By Ray Bennett
LONDON – The perfect word to describe legendary movie stuntman Dar Robinson, who was killed 30 years ago today: unfuckwithable. It allowed him to create thrilling stunts in films such as “Sharkey’s Machine” (above), “Papillon” and “Magnum Force” and combined with an irresistible pickup line, it made him catnip to the ladies.
Cathy Lee Crosby, host of the Eighties TV series “That’s Incredible”, told me when they were in Toronto in 1980, that he asked attractive women “How would you like to be my last?” Then he pointed to the CN Tower, the world’s tallest free-standing structure, and explain that the following day he planned to jump from the top.
He had jumped from the tower before from a 700-foot deck, as stunt double for Christopher Plummer in the Richard Harris caper movie “Highpoint”. This time he did it from 900-feet for a TV documentary hosted by Crosby titled “The World’s Most Spectacular Stuntman.
I met him at the 1981 Toyota Long Beach Grand Prix. I was nursing a coffee in the VIP marquee for the Celebrity Race when he strolled over with a gorgeous young woman and said hello.
We chatted for a while, and when I said I had to go to the paddock, he asked if they could tag along. We spent the rest of the day together traipsing about the race enclosure, had lunch and watched the race together.
I’ve never met another man like him. Dar Robinson was Steve McQueen cool but without the actor’s insecurities. He was 34 when I met him, not tall, very fit but not muscle-bound. He emanated no menace; he did not swagger and his glance did not contain a challenge. His serene self-assurance and calm authority were what I imagine a gunfighter needed to survive in the Old West.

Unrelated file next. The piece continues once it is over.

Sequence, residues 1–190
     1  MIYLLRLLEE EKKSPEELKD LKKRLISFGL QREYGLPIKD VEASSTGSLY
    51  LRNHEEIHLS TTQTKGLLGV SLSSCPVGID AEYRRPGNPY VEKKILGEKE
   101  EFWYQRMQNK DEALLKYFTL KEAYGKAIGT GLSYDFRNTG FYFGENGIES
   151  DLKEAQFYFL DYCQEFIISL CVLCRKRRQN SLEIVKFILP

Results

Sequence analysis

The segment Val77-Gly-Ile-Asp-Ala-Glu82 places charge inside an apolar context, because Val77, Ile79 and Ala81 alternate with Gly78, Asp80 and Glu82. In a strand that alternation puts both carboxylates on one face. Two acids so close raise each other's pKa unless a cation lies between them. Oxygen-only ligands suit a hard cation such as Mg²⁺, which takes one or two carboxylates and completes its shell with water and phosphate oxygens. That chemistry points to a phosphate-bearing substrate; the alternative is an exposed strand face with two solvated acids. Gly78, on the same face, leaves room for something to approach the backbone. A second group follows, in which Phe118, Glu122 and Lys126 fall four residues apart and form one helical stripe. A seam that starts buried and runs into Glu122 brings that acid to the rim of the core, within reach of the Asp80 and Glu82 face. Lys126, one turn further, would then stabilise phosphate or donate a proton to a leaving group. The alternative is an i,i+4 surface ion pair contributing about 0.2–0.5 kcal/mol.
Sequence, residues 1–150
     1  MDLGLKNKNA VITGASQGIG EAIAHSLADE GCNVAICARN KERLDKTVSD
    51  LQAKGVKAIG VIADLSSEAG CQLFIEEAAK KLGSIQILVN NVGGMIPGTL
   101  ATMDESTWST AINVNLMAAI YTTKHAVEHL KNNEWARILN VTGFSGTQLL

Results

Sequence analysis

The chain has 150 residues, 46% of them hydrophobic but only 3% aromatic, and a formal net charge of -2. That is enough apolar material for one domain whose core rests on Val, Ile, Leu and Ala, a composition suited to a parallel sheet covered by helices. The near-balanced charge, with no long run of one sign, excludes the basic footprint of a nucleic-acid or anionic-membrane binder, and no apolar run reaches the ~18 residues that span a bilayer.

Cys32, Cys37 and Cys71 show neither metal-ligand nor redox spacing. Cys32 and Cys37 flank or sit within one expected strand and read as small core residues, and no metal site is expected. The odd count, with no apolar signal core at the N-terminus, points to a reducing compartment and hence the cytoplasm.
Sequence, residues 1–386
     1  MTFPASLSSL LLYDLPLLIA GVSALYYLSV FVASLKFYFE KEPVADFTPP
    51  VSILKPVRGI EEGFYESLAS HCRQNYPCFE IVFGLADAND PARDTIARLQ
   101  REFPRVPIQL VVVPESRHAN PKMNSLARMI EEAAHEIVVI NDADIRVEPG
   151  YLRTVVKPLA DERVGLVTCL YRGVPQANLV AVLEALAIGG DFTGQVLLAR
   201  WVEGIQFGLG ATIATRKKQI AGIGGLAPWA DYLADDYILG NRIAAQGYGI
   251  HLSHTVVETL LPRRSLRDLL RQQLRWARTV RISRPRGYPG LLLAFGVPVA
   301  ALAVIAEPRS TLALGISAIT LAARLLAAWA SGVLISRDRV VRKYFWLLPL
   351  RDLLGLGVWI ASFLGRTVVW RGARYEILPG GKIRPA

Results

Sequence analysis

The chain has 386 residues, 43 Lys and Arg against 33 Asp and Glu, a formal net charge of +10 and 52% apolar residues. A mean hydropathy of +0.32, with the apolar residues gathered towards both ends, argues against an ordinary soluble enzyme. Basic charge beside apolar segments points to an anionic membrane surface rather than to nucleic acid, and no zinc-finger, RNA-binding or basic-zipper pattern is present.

He died on Nov. 21, 1986 performing a straightforward motorcycle chase on a cliff edge for the film “Million Dollar Mystery”.
*That day in Long Beach was already special for me as not only was in my first Formula 1 event but I met one of my favourite actors, Gene Hackman. Some actors – Jack Nicholson, Bill Murray, George Clooney, for example – appear to be easily approachable, and they are. Others – Jack Palance, Tommy Lee Jones, Robert Duvall – suggest that you approach with caution. Gene Hackman is like that but I said hello anyway.
He was on his own in a corner of the VIP marquee, there to defend his title win the previous year in the annual 10-lap celebrity charity race. He was completely genial and we chatted until he had to go off to the starting grid although Robert Hays (“Airplane”) won that year.